My very favorite course of the evening was a simple morel risotto served with a few half-sprigs of fresh, grassy spring asparagus. It had a certain nutty, straightforward, ingredients-first quality that stood out. A rare duck breast with rhubarb and blood orange followed, then Brindamour, a Corsican sheep's-milk cheese served here young, firm, and pale as ice cream, drizzled with honey. A pleasure.
For dessert that night I tried both the warm chocolate truffle cake and the toffee-date pudding with Armagnac sauce ($8), which was sort of an updated, lighter plum pudding--a nice spicy thing. The molten-center chocolate cake didn't do much for me, for I wanted less of the taste of sugar and more the taste of chocolate.
The thing I took away from that meal, unfortunately, was the sense that even knowing it would show up in print, the kitchen simply couldn't send out anything sublime, transporting, or breathtaking. All I got was high competence, not marvels. Of course, the only reason I expected so much was because D'Amico is king, and the food was costing nearly $100 a head without drinks. For good or for ill, once you get to those heights, expectations start to ratchet up exponentially.
For my third visit I busted out a wig, spent an hour coming up with different makeup, arrived in a different car with new escorts, and got for my troubles the worst meal yet. Appetizers were the best effort: A large slab of rare, seared foie gras ($16) arrived on a bed of wee poached rhubarb stems in a tart sauce that perfectly cut the rich duck liver. The lobster salad ($18) was again everything I remembered, but the lovefest crashed into a wall with the awful piedina ($9.50). I actually remember this signature D'Amico dish from years ago, then a tender cloud of dark-bubbled, wafer-thin, griddle-seared bread drizzled with potent honey and served with a few perfect slices of prosciutto and a few buttons of gorgonzola. Now the bread is fried and arrives looking like a cream-cheese wonton. It's served next to a melted lagoon of salty gorgonzola, beside some good prosciutto garnished with the barest drizzle of honey. Combine it all and your eyes nearly cross from the overwhelming salt and oil. Once this dish was like a slow succession of chimes, each note distinct. Now it's like cymbals falling off a bench.
The polenta-mascarpone ravioli ($11.50) were served in a butter sauce, and were so rich they quickly became sickening. They were topped with fresh-shelled peas that were mealy and tasted old. Agnolotti (a ravioli-like pasta, $12.50) had a subtle lamb filling, but there was such a lot of fresh marjoram in the charred tomato sauce that it tasted soapy. A beef filet ($32) tasted red-winey but otherwise undeveloped, though the bed of barley it came on, topped with smoked shallots, was quite good.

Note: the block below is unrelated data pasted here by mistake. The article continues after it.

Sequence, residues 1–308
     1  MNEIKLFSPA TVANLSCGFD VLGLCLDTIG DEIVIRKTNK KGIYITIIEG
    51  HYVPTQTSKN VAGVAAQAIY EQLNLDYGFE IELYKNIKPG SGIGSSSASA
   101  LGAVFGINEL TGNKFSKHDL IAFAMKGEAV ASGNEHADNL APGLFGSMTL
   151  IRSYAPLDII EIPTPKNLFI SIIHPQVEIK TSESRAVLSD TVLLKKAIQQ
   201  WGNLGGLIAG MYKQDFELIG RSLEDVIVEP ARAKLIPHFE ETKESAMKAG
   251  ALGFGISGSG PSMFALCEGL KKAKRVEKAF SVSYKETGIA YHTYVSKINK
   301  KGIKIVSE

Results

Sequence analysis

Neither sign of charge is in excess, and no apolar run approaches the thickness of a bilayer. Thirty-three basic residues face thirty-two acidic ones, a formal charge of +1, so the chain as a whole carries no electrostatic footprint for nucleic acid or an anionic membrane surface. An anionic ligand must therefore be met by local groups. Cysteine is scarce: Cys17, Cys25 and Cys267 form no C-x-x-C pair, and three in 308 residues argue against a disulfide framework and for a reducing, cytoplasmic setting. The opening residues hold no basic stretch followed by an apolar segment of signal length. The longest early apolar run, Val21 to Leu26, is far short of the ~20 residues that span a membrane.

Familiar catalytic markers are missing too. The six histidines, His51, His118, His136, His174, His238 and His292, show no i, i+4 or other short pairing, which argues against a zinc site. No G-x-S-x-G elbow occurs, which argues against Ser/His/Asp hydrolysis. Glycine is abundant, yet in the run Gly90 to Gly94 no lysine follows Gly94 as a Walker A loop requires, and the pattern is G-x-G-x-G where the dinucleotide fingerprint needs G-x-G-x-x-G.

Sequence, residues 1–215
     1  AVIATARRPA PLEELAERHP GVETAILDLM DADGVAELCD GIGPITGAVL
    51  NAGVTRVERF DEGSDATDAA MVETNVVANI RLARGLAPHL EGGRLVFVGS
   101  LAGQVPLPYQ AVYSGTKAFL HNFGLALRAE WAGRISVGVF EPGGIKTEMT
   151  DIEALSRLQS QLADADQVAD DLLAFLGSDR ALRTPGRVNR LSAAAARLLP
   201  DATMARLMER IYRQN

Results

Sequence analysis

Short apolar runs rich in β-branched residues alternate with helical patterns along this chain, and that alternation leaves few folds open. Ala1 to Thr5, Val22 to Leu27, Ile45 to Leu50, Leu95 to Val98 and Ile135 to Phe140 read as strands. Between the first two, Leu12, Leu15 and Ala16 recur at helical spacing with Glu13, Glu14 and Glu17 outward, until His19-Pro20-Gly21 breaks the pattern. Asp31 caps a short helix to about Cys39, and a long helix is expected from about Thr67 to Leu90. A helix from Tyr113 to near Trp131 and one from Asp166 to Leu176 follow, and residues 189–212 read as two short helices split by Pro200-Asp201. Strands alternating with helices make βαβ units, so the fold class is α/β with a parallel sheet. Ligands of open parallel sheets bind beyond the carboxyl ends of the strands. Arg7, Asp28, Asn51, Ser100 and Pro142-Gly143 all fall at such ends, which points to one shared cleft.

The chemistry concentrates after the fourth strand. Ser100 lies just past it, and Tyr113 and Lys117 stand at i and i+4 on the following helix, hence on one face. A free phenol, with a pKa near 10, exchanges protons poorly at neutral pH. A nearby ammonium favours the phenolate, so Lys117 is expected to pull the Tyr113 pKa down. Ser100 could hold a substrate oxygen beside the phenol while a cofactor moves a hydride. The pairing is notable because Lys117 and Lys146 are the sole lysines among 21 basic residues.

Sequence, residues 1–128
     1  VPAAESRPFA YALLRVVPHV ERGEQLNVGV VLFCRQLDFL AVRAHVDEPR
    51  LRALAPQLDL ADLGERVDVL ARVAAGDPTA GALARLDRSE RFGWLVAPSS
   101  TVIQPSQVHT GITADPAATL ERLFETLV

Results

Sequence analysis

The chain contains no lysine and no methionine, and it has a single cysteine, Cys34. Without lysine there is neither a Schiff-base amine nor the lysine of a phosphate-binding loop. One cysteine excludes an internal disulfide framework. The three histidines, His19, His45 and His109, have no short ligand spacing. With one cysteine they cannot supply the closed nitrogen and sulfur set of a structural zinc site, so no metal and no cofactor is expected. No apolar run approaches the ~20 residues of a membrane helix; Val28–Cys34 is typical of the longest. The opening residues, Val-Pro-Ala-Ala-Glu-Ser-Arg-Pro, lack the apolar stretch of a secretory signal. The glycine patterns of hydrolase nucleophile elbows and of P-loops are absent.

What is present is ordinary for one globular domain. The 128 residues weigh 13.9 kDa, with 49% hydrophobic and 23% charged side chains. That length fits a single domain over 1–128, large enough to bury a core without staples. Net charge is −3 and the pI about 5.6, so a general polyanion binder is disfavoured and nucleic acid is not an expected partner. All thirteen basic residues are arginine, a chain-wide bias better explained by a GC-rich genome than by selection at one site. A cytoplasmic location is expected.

After that, I'm not sure whether the tuna or the chicken was worse: It was sort of a fight to the death. Tuna ($28) was an ahi steak cooked until there was just a stripe of pink through the middle, served on a bed of sliced olives and baby artichokes that had somehow gotten on to tasting like button mushrooms. The plate was sauced with squirts of red bell pepper pesto, but I couldn't say why. (I had an oil-marinated tuna in a style like this at Lupa in New York a few months ago. It was delicious, but all the flavors were applied directly to the tuna, not scattered here and there dry on the plate in this odd fashion.) Sautéed chicken ($23.50) was overcooked and dry. It arrived in a plate sauced with a bitter, salty brown liquid described as roast chicken jus. The jus had islands of wrinkled, overcooked asparagus in it, and the bird was perched on a bland and unctuously buttery purée of sunchokes. The worst thing, though--the worst thing was that someone had clipped off the wing on this chicken breast halfway down, and the stump of bone had gotten charred black, and it just looked like someone had stubbed out a cigarette in the middle of my $23.50 chicken quarter.
Desserts were good, but not spectacular. My favorite was probably the roasted pear ($8), a pretty brown thing made with sweetened balsamic vinegar. It was light and fine, and the mascarpone sorbet with it was pure-tasting and bright. Twice I tried the vanilla custard with passion-fruit sauce, caramelized bananas, and semolina beignets, and I thought it never came together. Once the beignets were giant, lumpen, and tasted of old oil. The next time the bananas weren't caramelized, and buried the delicate tablespoon-sized custards. I felt very "Is that all there is?" about the $15 platter of chocolate pastries, designed to serve two to four. The first time, I thought the various items were nearly indistinguishable, basically offering the same flavors and ingredients in different shapes. The second time there were two good new additions: powerful little Sambuca truffles and a very nice little gianduja (hazelnut and chocolate) crème brûlée.
Which brings us, as always at D'Amico Cucina, inexorably to the check, where a grim calculation of value begins. For most meals at D'Amico Cucina I ended up paying around $70 per person for food alone, and every single time I wished I had dined somewhere else. Anywhere meritocracy tops aristocracy.